“The dog was the starting point . . . the dog in the book is my dog, who is a rescue dog with one eye and he’s a real last-chance-saloon dog. He has caused us a lot of trouble; he’s bitten people and I’ve paid them off to stop him being put down. With the narrator, I wanted him to be an older man, and to be afraid of innocuous things, so he’s frightened of children and he doesn’t have normal social skills. He’s slightly based on a man who I see where I live, who walks up and down the seashore. I wanted to create a character who wasn’t fully me, but partially me, who encapsulated things that I felt.
“My eureka moment came when I realised that he was talking to the dog [the book employs a second-person voice]. My mum, who is an archaeologist, is my first reader and she’s my harshest critic. When I showed it to her originally, she said that the first two sections were slow, so I rewrote it.”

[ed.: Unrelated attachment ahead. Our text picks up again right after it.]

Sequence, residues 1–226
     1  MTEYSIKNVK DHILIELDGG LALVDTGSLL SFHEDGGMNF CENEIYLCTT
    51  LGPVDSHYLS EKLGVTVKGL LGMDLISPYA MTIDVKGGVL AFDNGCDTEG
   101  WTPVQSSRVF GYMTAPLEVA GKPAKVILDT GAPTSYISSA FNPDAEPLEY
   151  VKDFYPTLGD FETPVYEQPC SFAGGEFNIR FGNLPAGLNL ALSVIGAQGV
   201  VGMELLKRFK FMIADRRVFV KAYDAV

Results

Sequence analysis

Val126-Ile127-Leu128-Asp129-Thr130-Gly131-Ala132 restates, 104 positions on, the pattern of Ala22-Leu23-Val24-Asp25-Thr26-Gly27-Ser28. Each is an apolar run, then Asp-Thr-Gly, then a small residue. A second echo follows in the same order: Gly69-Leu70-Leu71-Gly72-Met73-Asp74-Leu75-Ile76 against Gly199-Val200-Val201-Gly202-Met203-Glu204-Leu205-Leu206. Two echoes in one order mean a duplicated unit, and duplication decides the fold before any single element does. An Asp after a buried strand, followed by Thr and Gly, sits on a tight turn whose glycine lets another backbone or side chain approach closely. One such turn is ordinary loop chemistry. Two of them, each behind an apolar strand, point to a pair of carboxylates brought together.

The book is set in a nameless fictional town, which Baume says is pretty much Whitegate in coastal Cork, where she lives with her artist boyfriend and aforementioned troublesome dog. For now, it’s fine as a base, and she is grateful that it’s cheap to live and work there. She says that she couldn’t set a story in the US or Australia: “I have to know it.”
With the Hennessy and Davy Byrnes wins, Baume has been asked to write more short stories, while simultaneously trying to immerse herself in the second novel. Her early writing – largely due to the fortnightly deadlines of the MA – was predominantly short stories, but Baume admits she’s finding it increasingly difficult to write short fiction.
“The novel was almost easier to do. It made me realise how hard it is to write short stories. I also find it really difficult to work on more than one fiction piece at the same time, so every good line I get goes into the one thing. If I’m writing a story and the novel, I’m apportioning the good lines between the two, and it feels like I’m cheating on both.”